Visa creates guidance for merchants wanting to encrypt
Visa on Monday released a best practices document for merchants considering adoption of end-to-end encryption, an emerging technology used to mask cardholder data from point-of-swipe through processing.
The guidance is meant to fill a temporary void until industry standards are established by the American National Standards Institute, Jennifer Fischer, senior business leader in Visa's payment system risk division, told SCMagazineUS.com on Monday.
"We felt it was important to provide [help] for those companies clearly looking for guidance today," she said. "I think a lot of merchants are looking for that next solution that is going to be a longer-term data security step."
The document calls on merchants to achieve five goals when deploying end-to-end, or data field, encryption: Limit clear-text cardholder and authentication data, use robust key management solutions that meet international standards, use recognized cryptographic algorithms, protect devices used to perform cryptographic functions and consider technologies, such as tokenization, that replace card numbers that must be stored with unique identifiers.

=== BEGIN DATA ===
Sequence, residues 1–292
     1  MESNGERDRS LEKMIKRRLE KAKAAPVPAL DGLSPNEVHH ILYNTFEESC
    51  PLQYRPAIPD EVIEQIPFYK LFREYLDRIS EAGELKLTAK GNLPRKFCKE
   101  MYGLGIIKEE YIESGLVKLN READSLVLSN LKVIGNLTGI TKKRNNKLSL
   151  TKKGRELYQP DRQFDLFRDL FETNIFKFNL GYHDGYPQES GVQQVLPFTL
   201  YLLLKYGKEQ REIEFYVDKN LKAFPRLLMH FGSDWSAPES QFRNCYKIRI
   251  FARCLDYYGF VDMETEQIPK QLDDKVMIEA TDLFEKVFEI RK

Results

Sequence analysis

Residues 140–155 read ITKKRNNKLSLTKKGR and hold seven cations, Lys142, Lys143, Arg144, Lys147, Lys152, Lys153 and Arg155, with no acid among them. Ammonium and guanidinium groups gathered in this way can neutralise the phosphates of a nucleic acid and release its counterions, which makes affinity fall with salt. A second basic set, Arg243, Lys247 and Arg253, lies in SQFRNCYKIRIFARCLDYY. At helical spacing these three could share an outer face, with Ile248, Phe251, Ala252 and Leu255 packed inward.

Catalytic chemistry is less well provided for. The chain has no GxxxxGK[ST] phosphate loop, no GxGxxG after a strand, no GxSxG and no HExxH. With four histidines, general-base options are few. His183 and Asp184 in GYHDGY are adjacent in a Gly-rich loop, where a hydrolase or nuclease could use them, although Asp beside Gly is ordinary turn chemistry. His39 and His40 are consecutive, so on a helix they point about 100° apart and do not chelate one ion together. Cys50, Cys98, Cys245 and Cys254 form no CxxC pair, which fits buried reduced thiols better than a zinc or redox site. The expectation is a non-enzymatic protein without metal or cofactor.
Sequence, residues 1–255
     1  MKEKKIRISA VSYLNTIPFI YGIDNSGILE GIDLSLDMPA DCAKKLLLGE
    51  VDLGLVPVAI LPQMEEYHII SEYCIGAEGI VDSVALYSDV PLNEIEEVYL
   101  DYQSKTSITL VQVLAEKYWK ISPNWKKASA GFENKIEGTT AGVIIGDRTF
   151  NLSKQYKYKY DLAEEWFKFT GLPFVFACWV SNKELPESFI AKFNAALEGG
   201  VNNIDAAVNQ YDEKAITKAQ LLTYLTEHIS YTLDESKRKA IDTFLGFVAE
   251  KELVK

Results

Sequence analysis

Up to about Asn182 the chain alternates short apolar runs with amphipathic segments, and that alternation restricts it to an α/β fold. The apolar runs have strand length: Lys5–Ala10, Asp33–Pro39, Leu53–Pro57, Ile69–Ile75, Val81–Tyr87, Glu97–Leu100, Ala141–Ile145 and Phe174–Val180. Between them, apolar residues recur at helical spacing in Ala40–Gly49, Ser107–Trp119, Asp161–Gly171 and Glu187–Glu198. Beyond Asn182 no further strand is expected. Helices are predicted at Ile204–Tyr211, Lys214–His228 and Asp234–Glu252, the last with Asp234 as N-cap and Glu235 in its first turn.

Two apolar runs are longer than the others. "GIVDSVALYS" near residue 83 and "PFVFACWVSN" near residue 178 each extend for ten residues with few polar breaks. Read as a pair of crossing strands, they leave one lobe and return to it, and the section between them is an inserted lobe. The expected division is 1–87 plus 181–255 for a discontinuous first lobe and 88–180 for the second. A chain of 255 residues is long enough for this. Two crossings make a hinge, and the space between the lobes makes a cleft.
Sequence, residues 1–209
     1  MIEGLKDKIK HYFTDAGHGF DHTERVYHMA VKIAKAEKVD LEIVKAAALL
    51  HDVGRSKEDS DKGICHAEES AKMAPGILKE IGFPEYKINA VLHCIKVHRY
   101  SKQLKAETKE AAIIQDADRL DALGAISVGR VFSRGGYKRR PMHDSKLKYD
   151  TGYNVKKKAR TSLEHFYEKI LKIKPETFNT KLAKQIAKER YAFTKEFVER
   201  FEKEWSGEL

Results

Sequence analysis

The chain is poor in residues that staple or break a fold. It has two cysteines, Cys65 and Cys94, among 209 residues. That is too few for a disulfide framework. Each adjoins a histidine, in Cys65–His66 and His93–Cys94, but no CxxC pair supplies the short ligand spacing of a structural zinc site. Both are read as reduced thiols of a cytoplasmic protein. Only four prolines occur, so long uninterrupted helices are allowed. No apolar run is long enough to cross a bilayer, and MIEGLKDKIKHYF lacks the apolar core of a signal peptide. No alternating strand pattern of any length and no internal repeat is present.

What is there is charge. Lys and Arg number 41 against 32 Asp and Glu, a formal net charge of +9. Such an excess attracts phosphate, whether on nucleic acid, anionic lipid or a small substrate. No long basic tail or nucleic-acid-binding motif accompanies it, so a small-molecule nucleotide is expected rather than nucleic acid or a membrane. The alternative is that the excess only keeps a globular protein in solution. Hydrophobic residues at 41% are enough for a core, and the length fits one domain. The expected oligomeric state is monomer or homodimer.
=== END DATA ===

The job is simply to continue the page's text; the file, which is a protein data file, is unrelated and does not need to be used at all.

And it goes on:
Visa does not require any merchants to store card numbers, but some merchants require it for certain business functions, such as recurring subscriptions, Fischer said. Meanwhile, some acquiring banks/processors mandate that their retail customers store the numbers for processes such as chargebacks.
Avivah Litan, Gartner vice president and distinguished analyst, said Monday that more merchants are investigating the merits of end-to-end encryption. Some are considering it as a means for preventing data breaches, but most are looking at it as a way to reduce the number of requirements of the Payment Card Industry Data Security Standard (PCI DSS) that they must meet.
"I just had a call with a major global retailer today," Litan told SCMagazineUS.com on Monday. "They all want to limit the scope of PCI DSS compliance. They want a reduced set of requirements."
The PCI Security Standards Council, which manages the guidelines, is reviewing a report from PricewaterhouseCoopers that investigated a number of emerging technologies that could be used to reduce PCI compliance scope. The next version of the PCI DSS is due out late next year.